It is precisely this industrial food system that has come to dominate in Thailand. With few exceptions, like the Or Tor Kor market, most wet markets get their ingredients from Talat Thai, one of the largest sources for fruits and vegetables in the country. While there is little available literature on the subject, most of this produce is thought to be grown with pesticides and monocultured, both of which keep prices low. According to a 2017 report by the non-profit Thailand Pesticide Alert Network
(Thai-PAN), over 60 percent of popular Thai fruits and vegetables sold at supermarkets and wet markets were unsafe to eat, because they were laced with pesticides like paraquat and glysophate, the latter a common weed killer.
Two years later, in 2019, Thai-PAN found that 41 percent of 15 other popular vegetables and nine kinds of Thai fruit contained toxic chemical residues above the accepted level for safety. Three out of six samples even received the “Organic Thailand” label provided by the Department of Agriculture. With up to 65 percent of Thailand’s workforce laboring in agriculture, according to the WHO
, many of whom work in export-focused agriculture, that figure is alarming. It means Thai farmers have been using potent, toxic chemicals to meet demands for their products.
In June, after a protracted debate involving farmers, politicians and US special interest groups, Thailand enforced a ban on two agricultural chemicals widely regarded as toxic to humans: paraquat and chlorpyrifos. The lingering dilemma is that as many as 10 million farming households in Thailand used paraquat to protect their crops, as there is no other alternative on the market, according to Reuters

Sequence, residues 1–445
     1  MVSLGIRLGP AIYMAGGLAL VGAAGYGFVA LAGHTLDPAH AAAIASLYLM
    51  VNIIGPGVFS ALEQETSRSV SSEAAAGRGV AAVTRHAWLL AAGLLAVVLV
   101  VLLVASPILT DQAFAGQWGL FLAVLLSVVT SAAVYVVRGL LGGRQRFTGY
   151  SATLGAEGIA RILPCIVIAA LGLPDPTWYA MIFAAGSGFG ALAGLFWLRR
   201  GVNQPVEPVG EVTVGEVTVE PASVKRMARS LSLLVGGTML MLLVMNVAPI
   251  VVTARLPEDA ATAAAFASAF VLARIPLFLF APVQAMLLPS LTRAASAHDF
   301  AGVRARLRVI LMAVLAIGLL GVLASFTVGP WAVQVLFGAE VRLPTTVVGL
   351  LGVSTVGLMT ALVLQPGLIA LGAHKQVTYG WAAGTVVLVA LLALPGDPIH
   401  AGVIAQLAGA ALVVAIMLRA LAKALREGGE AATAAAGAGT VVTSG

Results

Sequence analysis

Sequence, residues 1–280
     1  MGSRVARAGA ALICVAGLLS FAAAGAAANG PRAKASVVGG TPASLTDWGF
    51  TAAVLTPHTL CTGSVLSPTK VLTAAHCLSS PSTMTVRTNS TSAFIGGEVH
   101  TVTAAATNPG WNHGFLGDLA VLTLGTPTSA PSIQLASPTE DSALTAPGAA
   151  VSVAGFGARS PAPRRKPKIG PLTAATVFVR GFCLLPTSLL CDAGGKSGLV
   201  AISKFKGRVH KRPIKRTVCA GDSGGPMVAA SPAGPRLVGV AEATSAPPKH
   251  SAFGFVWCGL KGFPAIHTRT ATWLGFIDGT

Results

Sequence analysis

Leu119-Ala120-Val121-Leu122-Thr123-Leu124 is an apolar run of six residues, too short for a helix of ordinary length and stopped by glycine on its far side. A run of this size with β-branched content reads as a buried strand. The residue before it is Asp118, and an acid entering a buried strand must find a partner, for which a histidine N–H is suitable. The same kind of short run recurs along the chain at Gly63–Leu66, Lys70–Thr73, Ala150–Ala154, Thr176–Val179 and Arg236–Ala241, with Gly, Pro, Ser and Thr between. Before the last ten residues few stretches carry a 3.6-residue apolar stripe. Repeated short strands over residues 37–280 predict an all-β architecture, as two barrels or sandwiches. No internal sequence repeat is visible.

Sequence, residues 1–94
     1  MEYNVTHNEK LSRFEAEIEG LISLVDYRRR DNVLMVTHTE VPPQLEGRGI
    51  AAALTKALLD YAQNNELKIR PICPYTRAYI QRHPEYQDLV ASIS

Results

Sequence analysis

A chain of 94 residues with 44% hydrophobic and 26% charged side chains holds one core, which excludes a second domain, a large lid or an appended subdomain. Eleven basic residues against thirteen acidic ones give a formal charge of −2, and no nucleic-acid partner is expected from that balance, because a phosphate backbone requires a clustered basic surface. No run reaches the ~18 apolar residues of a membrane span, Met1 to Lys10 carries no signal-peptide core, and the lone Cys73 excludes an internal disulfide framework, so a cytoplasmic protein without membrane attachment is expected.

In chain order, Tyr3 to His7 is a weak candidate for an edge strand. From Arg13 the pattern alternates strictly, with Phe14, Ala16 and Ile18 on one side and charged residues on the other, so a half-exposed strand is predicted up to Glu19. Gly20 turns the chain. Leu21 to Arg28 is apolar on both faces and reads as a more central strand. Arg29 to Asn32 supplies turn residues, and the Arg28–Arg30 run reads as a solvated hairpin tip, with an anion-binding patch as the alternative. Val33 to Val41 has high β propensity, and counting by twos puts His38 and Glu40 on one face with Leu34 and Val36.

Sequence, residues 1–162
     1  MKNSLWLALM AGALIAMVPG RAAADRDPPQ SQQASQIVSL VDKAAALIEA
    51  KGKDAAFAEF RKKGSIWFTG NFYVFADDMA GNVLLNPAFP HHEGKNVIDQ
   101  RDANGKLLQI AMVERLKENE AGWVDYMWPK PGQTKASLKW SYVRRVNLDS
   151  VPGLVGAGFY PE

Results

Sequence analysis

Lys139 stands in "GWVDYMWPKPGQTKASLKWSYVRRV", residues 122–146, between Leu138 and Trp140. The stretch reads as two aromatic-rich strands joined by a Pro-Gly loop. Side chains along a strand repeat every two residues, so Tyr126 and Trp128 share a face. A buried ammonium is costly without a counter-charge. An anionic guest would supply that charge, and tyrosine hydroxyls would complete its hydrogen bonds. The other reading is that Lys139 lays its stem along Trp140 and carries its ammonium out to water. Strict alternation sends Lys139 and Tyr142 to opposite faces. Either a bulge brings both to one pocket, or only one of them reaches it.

A step toward sustainability or a devastating blow to farmers? Consumers, unfortunately, have often been left out of this discussion. To make matters more complicated, farmers in Thailand now face the looming prospect of a trade agreement that could upend their industry.
Thailand is in talks to join the CPTPP (Comprehensive and Progressive Agreement for Trans-Pacific Partnership), a free trade agreement between 11 countries. While the deal is meant to boost international trade, it could have a devastating impact on farmers. If the deal is passed, farmers will lose their rights to the certain seeds that were registered overseas for protection under the CPTPP. In other words, unless they pay royalties for their seeds, they will face fines and, potentially, arrest for simply farming as they have for years, if not decades.
The potential fallout has influenced Thai political leaders’ decision-making. The country is still studying the agreement and deciding whether to sign on, making it increasingly likely that—for better or worse—Thailand will miss a window to enter the pact in 2020.